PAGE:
“Yeah, I brought my heart rate down from 80 to 45 beats per minute resting….” The boasting drawl came from behind me as I waited in the starting corral of the Rock and Roll Marathon in Raleigh, N.C. It may seem like an odd comment to those not in endurance sports, but for distance runners, cyclists, swimmers and triathletes, a sluggish resting heart rate can be a matter of pride.
No one knew exactly what causes athletes to have this slow heartbeat, a condition called sinus bradycardia. Now, a study by cardiac physiologist Alicia D’Souza and colleagues from the University of Manchester in England finds the answer in certain “funny channels” in the sinoatrial node, the pacemaker for the heart. The slower heart rate isn’t as funny — it has fewer funny channels to transmit current that controls the activity of the heart cells. The results suggest a mechanism for sinus bradycardia in athletes, and also might help scientists understand why athletes can have heart problems later in life.
The study started close to home. “I had a Ph.D. student, Will Morris,” says Mark Boyett, a cardiac physiologist and lead author of the study. “He’s a cardiologist and he’s also a very keen cyclist. He was telling me that his heart rate when he is race-fit is 42 beats per minute!” A normal heart beats at around 70 beats per minute at rest. A professional athlete in top condition will cut that number in half.
Many amateur athletes wear their reduced heart rates as a competitive badge of honor, proof that they are really fit. Unfortunately, sinus bradycardia is not always an effect worth boasting about. Lifelong athletes with low heart rates need pacemakers later in life much more often than the general population. D’Souza and Boyett became interested in how sinus bradycardia occurs.
The sinoatrial node, or SAN, is a small group of cells in the right atrium of the heart. It sets the pace for heart contraction, spreading electrical signals through the rest of the muscle. The SAN is controlled both from electrical channels within the node and by the vagus nerve, which relays signals from the brain. When D’Souza and Boyett started to examine sinus bradycardia in athletes, most scientists assumed that it was causes by changes in the signals coming from the vagus nerve.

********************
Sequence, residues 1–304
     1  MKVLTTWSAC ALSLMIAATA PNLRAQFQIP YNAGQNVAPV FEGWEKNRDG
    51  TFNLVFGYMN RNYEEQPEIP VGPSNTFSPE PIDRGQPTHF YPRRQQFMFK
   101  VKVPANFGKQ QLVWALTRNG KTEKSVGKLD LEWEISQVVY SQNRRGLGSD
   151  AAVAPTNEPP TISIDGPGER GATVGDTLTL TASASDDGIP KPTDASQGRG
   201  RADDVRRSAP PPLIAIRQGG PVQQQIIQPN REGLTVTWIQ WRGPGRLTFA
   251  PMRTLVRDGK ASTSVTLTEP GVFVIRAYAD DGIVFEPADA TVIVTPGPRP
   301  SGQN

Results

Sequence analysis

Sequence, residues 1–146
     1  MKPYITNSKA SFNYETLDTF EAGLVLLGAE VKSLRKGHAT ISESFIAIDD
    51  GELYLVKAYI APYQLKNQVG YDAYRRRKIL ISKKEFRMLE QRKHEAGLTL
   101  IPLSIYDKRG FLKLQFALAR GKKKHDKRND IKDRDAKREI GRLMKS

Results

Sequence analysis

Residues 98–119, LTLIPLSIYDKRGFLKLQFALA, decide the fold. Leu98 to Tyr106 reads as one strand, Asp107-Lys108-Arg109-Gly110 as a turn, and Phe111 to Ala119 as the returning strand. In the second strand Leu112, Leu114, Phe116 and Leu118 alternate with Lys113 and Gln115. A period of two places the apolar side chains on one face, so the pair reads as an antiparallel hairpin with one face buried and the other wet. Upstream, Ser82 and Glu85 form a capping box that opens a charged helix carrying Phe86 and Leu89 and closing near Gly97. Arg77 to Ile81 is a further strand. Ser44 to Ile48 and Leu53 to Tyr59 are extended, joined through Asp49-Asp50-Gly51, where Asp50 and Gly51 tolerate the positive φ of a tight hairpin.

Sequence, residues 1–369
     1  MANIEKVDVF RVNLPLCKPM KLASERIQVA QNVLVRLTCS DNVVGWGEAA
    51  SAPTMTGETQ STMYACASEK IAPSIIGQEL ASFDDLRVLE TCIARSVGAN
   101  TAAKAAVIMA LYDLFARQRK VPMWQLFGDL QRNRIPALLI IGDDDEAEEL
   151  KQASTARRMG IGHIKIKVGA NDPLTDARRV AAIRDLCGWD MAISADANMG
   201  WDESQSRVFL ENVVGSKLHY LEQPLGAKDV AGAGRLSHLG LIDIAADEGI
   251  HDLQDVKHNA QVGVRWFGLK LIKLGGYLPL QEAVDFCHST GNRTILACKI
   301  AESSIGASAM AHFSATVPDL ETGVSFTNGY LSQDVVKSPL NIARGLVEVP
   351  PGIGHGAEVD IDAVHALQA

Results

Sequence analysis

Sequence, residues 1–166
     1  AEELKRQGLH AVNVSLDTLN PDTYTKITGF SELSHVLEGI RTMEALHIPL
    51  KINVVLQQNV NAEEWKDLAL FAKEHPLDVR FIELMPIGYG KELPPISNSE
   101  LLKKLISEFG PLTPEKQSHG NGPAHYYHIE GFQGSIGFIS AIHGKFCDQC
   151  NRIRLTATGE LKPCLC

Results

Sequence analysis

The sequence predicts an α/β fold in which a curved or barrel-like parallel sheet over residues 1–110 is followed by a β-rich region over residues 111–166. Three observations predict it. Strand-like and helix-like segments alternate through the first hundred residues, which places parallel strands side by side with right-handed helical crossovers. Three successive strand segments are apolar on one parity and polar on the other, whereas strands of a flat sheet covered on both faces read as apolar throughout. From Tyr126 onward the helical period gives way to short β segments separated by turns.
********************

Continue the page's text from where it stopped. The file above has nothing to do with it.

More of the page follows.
But it wasn’t quite so simple. “We looked into it but it was a case of the emperor’s new clothes. We found no evidence that the vagus nerve was causing sinus bradycardia,” Boyett says. So the researchers set up an experiment. They took mice and rats and made athletes out of them, training the rats to run long distance for 12 weeks and the mice to become swimmers for four weeks. The fit rodents all displayed sinus bradycardia, with much slower heart rates compared with their couch-potato counterparts.
The authors focused on the ion channels that control electrical current in the sinoatrial node. They noticed decreases in a particular ion channel called HCN4, one of four known “funny channels.” Discovered by coauthor and cardiac electrophysiologist Dario DiFrancesco at the University of Milan in Italy, funny channels are key pacemakers that help to determine heart rate. “It is now widely accepted that the HCN4 channel is a marker of pacemaker tissue and controls pacemaking and cardiac rate in a variety of conditions,” DiFrancesco explains. “Whenever changes of cardiac rate are involved, it is natural to think that HCN4 channels may be involved.”
The results, published May 13 in Nature Communications, show that endurance training remodels the heart and reduces resting heart rate by altering the number of funny channels. In the rodents, these changes reversed when the animals were allowed to fall off the exercise wagon.
The findings suggest that “the sinus node has an intrinsic ability to react against the chronically increased heart rate” associated with endurance training, says cardiac physiologist Elizabetta Cerbai of the University of Florence, Italy. The study, she says, has uncovered one of the ways in which the changeable heart can modify itself. Cerbai also notes that long-term sinus node sickness is not limited to athletes. The mechanisms uncovered in this study could also benefit the studies of other heart problems such as heart failure.
Matteo Mangoni, a molecular physiologist at the University of Montpellier in France, found the study to be innovative, and is curious to see what would happen with even longer training regimens. While the rodents did undergo some impressive endurance training, it couldn’t equal the years and years of training that most endurance athletes put in. “It will be important to understand if this same mechanism that appears to be operant in moderately trained mice is also responsible for severe bradycardia and atrial rhythm disease sometimes observed in endurance sportsmen,” he says.
D’Souza agrees that their next step is to look at sinus bradycardia after longer training and in older animals. “It’s speculation at this point,” she explains. “Our data is in response to very short-term training, so we have to be cautious in interpreting our results.”
Boyett points out that the bradycardia was reversible in their young, fit animals, as it is in young athletes when they take time off from training. “But in older athletes it may not be reversible.” So for now, he says, the main message is “everything in moderation.”
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